LONDON - British health authorities rolled out the first doses of a widely tested and independently reviewed COVID-19 vaccine Tuesday, starting a global immunization program that is expected to gain momentum as more serums win approval.
The first shot was given to Margaret Keenan, who turns 91 next week, at University Hospital Coventry, one of several hospitals around the country that are handling the initial phase of the program on what has been dubbed “V-Day.” As luck would have it, the second injection went to a man named William Shakespeare, an 81-year-old who hails from Warwickshire, the county where the bard was born.
“I feel so privileged to be the first person vaccinated against COVID-19,” said Keenan, a former jewelry shop assistant, who wore a surgical mask and a blue Merry Christmas T-shirt decorated with a cartoon penguin wearing a Santa hat and red scarf. “It’s the best early birthday present I could wish for because it means I can finally look forward to spending time with my family and friends in the New Year after being on my own for most of the year.”
The first 800,000 doses are going to people over 80 who are either hospitalized or already have outpatient appointments scheduled, along with nursing home workers. Others will have to wait their turn.
Public health officials have asked the public to be patient because only those who are most at risk from the virus will be vaccinated in the early stages. Medical staff will contact people to arrange appointments, and most will have to wait until next year before there is enough vaccine to expand the program.
Stephen Powis, the national medical director of England’s National Health Service, said the first shot of this vaccine outside of a trial was an emotional moment.
“This really feels like the beginning of the end,″ Powis said. “It’s been really dreadful year, 2020 — all those things that we are so used to, meeting friends and family, going to the cinema, have been disrupted. We can get those back. Not tomorrow. Not next week. Not next month. But in the months to come.″
Buckingham Palace refused to comment on reports that Queen Elizabeth II, 94, and her 99-year-old husband, Prince Philip, would be vaccinated as a public example of the shot’s safety.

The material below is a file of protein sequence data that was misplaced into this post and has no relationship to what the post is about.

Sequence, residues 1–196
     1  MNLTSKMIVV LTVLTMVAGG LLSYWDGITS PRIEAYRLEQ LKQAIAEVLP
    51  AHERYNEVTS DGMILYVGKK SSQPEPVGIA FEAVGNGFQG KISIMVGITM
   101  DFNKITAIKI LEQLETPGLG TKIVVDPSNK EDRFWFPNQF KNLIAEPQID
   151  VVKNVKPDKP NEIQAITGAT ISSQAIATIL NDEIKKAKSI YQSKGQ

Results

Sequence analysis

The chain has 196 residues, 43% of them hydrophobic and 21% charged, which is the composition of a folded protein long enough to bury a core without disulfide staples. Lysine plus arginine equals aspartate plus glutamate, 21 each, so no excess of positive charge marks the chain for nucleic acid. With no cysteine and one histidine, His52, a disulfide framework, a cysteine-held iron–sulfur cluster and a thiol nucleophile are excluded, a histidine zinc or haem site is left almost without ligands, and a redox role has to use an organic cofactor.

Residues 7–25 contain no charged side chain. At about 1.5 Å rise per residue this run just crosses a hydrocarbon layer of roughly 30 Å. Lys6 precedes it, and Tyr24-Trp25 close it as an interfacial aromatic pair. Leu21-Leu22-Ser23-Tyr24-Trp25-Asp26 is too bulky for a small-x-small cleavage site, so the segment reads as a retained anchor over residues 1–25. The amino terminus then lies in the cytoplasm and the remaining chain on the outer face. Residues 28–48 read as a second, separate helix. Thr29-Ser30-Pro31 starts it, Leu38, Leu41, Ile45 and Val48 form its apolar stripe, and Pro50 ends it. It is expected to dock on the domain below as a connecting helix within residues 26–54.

Public health officials elsewhere are watching Britain’s rollout as they prepare for the unprecedented task of vaccinating billions of people to end a pandemic that has killed more than 1.5 million. While the U.K. has a well-developed infrastructure for delivering vaccines, it is geared to administer them to groups such as school children or pregnant women, not the whole population.
The U.K. is getting a head start on the project after British regulators on Dec. 2 gave emergency authorization to the vaccine produced by U.S. drugmaker Pfizer and Germany’s BioNTech. U.S. and European Union authorities are also reviewing the vaccine, alongside rival products developed by U.S. biotechnology company Moderna, and a collaboration between Oxford University and drugmaker AstraZeneca.
On Saturday, Russia began vaccinating thousands of doctors, teachers and others at dozens of centers in Moscow with its Sputnik V vaccine. That program is being viewed differently because Russia authorized use of the shot last summer after it was tested in only a few dozen people.
The first shipments of the Pfizer-BioNTech vaccine were delivered to a selected group of U.K. hospitals on Sunday.
At one of those facilities, Croydon University Hospital, south of London, staff members couldn’t so much as touch the vials, but they were thrilled to just have them in the building.
“I’m so proud,” said Louise Coughlan, joint chief pharmacist at Croydon Health Services NHS Trust.
The vaccine can’t arrive soon enough for the U.K., which has more than 61,000 COVID-19-related deaths — more than any other country has reported in Europe. The U.K. has more than 1.7 million cases.
The 800,000 doses are only a fraction of what is needed. The government is targeting more than 25 million people, or about 40% of the population, in the first phase of its vaccination program, which gives first priority to those who are highest risk from the disease.
After those over 80 and nursing home workers, the program will be expanded as the supply increases, with the vaccine offered roughly on the basis of age groups, starting with the oldest people.
In England, the vaccine will be delivered at 50 hospital hubs in the first wave of the program, with more hospitals expected to offer it as the rollout ramps up. Northern Ireland, Scotland and Wales are making their own plans under the U.K.’s system of devolved administration.
Logistical issues are slowing the distribution of the Pfizer vaccine because it has to be stored at minus-70 degrees Celsius (minus-94 degrees Fahrenheit).
The immunization program will be a “marathon not a sprint,” said professor Stephen Powis, medical director for NHS England.
Authorities also are focusing on large-scale distribution points because each package of vaccine contains 975 doses and they don’t want any to be wasted.
The U.K. has agreed to buy millions of doses from seven different producers. Governments around the world are making agreements with multiple developers to ensure they lock in delivery of the products that are ultimately approved for widespread use.